A home is a place where dreams come true. Homes are places where plans are made on papers that have coffee rings on them. Homes always have well-thumbed maps that are kept near by.
Homes have marks on the walls where children grew, even if the people in the home don’t have children. Homes have pantries that store shoe boxes with trinkets and old treasures. They also have catch-all drawers in the kitchen with old elastics and string.
Telephones in homes are not sleek or compact. They are simple to use. They are located beside comfortable seating or at tables. They are not located at a desk. You don’t work the phone in a home. You talk on it.
Homes have pictures of people and family on the walls that have celebrated corny birthdays, or graduated or achieved something or even climbed a mountain.
Artwork in homes is almost always original and every piece has a story. Unless it has real significance, there is rarely a copy or numbered reproduction of anything in a home.
Homes have radios in the kitchen tuned to the CBC, not little portable televisions tuned to CNN all day long.
There might be a secret kept in a home, but there is no tension.
Homes have ovens that are level. Some even have little wooden shims on one side, that stand as proof to the effort and labour that went into making sure that the baking inside the oven will not have an angle to it when it comes out to cool on the counter.
Homes have supper on the stove.
There are book shelves in homes that contain a hodge-podge of precious books and picture albums that are placed by the measure of content value, not matching book cases with neat rows of books that are placed for aesthetics.
Homes don’t have coffee table books. They have newspapers.
Homes don’t have the latest in environmental control technology. They have ceiling fans.
Homes have closets with extra pillows and blankets. They also have a roll-out bed or an air mattress in the basement that can be brought upstairs for someone to stay over. Many homes have extra rooms but they do not have a “formal guest room” for visitors that are scheduled to arrive on Tuesday at three o’clock.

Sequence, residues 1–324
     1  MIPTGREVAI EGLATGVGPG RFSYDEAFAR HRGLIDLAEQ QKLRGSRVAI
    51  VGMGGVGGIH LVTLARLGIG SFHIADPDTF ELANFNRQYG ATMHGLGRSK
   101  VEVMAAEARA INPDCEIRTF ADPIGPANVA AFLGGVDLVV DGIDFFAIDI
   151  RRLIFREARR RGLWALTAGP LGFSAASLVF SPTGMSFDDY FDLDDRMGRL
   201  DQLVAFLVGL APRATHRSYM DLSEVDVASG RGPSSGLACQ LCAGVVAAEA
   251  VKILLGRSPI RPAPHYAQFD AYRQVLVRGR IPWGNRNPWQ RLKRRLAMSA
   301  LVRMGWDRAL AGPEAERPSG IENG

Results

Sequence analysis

Good homes usually have a musical instrument or two hanging around; maybe some old records and favourite CDs in mismatched jackets. They do not have an entertainment wall unit with the latest CDs stacked so neatly that you are afraid to touch them.
You should not be able to eat off the floor of a nice home.
Homes don’t have fireplaces with opulent mantels that don’t get used because it would ruin the display. They have woodstoves that people sit around and get warm.
Homes don’t have closets for guests with designer coat hangers. They have well worn hooks by the door for you to put your coat on when you come in. Sometimes one hook is reserved for a dog leash that hangs down beside an old pair of boots.
Homes have tablecloths and flowers. The very heart of a nice home is almost always the kitchen.
You can hear a clock ticking softly during the night in a home and a comforting patter on the window when it rains.
Above everything else, everyone feels safe when they come home.
Those are some of my thoughts about home. Maybe yours are different. My point is that anybody can buy a house, but it takes good, special people to create a home.
May you be surrounded by comfort and joy this holiday season and on Christmas Day. May you be at home.
Heino Molls is publisher of REM.
By: Heino Molls